WTI $24.49 +48c, Brent $27.39 +24c, Diff -$2.90 -$24c, NG $1.66 +1c
A modest rally by crude oil yesterday, with the Senate albeit reluctantly passing the 2tn Stimulus Bill it now goes to the House. It turns out that Secretary Mike Pompeo spoke with MbS on Tuesday to ‘maintain stability in global energy markets’ ie now we need your help…
The EIA inventory numbers were slightly better than expected but that won’t last for long, crude built by 1.6m barrels lower than the estimate of 2.8m with a refinery rate of 82.3%. Gasoline drew by 1.5m b’s and distillates by 0.7m b’s, all this will change in upcoming weeks especially as US gasoline demand fell by 859/- barrels last week to 8.8m b/d that’s down 9%. You can forget about today’s jobs number too, that will be the most irrelevant stat you’ve seen for a while…
Unable to publish results under FCA dictat RRE has given an ops update this morning showing just how strong a position the company is in. The balance sheet is strong with no debt and cash as of last night of £287m (£248 unrestricted) or £21.89 per share. ( Currently 706p, up 20%)
RRE listed when oil was below $30 per barrel and is still focused on operating in a low price environment, unit operating costs for example are c. $30 /pb for 2020. The company is strongly hedged with 455/- barrels of oil at $65.70 in Q1 and 63m therms of gas at €0.53 (49p) for 2020, further ahead an additional 54m therms has been hedged in each of 2021 and 2022 at €41 and €44 (38p and 42p) respectively.
Capex guidance for 2020 was previously guided to c. $200m much earmarked for the development of the Shell operated Arran gas and condensate field but other, discretionary, capex is being reviewed and it is anticipated that some $50m will be deferred, ‘a drop of 25% and in line with other businesses’.
With regard to the dividend the company’s stated policy is ‘Based on the strength of the Company’s cash position, the hedging it has in place, and the flexibility of its capital expenditure commitments, the Board of Directors still expects to recommend the payment of a final dividend of 25p per share, bringing the total for 2019 to 85p’.
Executive Chairman Andrew Austin said in the statement ” RockRose remains well placed to navigate the current economic situation, with the business underpinned by a strong balance sheet, hedging, and management’s ability to reduce capital expenditure this year and next, if required.” RRE remains at the top of the Bucket list stocks for its strength and significant power to deliver in markets such as these. In case you missed it, the link to my recent interview with Andrew Austin is here.
iog announce final results this morning, obviously in this fast moving market they are for the record only but if you look at the company now (see yesterday’s blog for detailed analysis) then much is changing. They are in a massively positive situation given the trauma they suffered for some of the time they are reporting on and with the Core Project farmed-out, funded and very much underway the outlook from here is very exciting.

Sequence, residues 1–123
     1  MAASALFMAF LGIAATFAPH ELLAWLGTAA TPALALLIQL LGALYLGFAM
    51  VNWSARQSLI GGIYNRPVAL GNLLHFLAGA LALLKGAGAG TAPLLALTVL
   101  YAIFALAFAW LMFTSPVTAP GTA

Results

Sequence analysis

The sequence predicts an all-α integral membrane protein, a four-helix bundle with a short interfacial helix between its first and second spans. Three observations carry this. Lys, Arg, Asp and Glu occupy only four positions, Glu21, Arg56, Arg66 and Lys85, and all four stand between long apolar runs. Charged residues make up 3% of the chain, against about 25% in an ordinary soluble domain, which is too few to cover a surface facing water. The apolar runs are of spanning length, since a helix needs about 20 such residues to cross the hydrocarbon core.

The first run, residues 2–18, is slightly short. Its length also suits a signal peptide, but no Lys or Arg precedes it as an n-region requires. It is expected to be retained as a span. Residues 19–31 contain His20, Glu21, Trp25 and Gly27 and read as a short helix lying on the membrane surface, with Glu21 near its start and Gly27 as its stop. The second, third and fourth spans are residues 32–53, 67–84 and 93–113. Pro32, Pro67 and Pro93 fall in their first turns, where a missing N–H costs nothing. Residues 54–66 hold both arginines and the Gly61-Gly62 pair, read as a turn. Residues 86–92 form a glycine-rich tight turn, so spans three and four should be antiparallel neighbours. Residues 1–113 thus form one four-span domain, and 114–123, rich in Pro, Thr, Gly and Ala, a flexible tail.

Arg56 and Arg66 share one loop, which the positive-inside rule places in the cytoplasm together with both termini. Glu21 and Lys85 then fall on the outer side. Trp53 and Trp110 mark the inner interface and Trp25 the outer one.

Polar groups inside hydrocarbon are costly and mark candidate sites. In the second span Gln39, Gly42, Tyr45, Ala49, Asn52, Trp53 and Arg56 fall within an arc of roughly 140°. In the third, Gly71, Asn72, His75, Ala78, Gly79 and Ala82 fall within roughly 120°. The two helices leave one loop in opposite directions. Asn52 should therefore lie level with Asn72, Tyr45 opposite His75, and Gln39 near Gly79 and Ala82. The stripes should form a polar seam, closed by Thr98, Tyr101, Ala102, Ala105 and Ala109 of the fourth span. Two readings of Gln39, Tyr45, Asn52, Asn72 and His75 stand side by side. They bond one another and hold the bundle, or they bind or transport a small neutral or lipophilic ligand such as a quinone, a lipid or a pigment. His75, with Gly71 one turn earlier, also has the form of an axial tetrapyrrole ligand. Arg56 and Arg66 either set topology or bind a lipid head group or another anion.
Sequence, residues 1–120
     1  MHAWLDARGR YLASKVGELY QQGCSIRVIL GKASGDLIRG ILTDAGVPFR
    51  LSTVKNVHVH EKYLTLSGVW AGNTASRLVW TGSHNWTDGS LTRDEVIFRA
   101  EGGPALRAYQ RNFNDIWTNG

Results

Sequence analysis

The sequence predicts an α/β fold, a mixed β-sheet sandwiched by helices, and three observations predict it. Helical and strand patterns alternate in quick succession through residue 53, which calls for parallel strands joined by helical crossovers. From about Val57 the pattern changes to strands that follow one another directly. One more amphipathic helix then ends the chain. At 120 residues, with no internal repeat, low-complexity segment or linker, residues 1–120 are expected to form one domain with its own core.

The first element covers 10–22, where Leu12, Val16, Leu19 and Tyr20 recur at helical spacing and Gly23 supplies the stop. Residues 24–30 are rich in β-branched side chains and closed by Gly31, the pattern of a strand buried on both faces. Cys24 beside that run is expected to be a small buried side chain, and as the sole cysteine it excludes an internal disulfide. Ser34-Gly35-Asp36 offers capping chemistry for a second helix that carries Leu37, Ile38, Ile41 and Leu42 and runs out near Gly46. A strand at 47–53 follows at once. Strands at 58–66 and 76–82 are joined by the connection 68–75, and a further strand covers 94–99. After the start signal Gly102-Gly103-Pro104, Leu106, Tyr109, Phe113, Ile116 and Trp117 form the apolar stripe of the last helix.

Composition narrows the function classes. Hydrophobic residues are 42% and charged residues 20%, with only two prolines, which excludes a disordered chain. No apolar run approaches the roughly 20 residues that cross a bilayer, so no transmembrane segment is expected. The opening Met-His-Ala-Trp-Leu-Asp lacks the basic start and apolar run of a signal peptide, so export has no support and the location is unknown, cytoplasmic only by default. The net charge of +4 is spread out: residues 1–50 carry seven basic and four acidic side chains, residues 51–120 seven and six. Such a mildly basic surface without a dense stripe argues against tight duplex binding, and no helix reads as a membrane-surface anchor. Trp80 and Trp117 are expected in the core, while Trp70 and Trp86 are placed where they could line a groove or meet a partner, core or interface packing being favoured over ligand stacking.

The farm-out to CalEnergy Resources has provided a carry of £125m, split 60/65m over Phases 1 and 2 and with a €100m bond issue and equity raise of some £18.9m iog is fully funded to first gas in Q3 2021. They have development works in all key areas such as platforms, subsea, drilling and onshore facilities and pretty much all being done at very low prices, a rare advantage of the current situation.
CEO Andrew Hockey said in the statement “With a strengthened team and a robust low-cost portfolio benefiting from very low carbon intensity, we are well placed not just to survive but to thrive by investing through this cycle. With our balance sheet strength, commitment to the project and CER partnership, we are well positioned to reduce costs in the current low commodity price environment.”
I concur with these comments and with the very low carbon intensity, which will surely in due course stand for a lot in investors eyes consider iog worth watching very closely through 2020 and beyond.
Sometimes, just sometimes, things fall into your hands and although these are dark times for the oil industry in general Block appears to have taken a significant step somewhat out of the ‘blue’ as it were…
Block is to buy from SLB a couple of assets in Georgia, the big blue has 3 PSC’s in-country, producing block XI, (Georgia’s most productive block) exploration block IX and block X which it is to relinquish. The deal gives 2P reserves of 64m boe and production of 245 b/d of oil plus 600bcf of GIIP following recent drilling in the Lower Eocene and Upper Cretaceous and increases 2C contingent resources by 29 million boe and offers significant upside potential of 245 million boe of prospective resources.
Unsurprisingly, as befits companies like SLB who once they have decided to desert a province, just go, Block have picked up a load of stuff for free, this includes materials and a CPF with 36/- barrels of oil storage, a workshop, a laboratory, and a compound with an office and warehouse.
CEO Paul Haywood said with this deal ‘The Acquisition is transformational for Block Energy, providing the Company scale and increased production, reserves and resources. A critical component of this transaction is that it will be completed with no cash consideration, using options on our own share capital’
I am delighted that in a geography that I have historically liked Block has had a chance to massively increase its position, should they take advantage of this, and there can be fewer gifts offered in the sector than this, then this is indeed truly transformational, full marks.
Falcon Oil & Gas
Falcon has announced that the Northern Territories in Australia has had to comply with COVID-19 restrictions and thus the Kyalla site has been ‘paused’ which puts back work for a likely few months.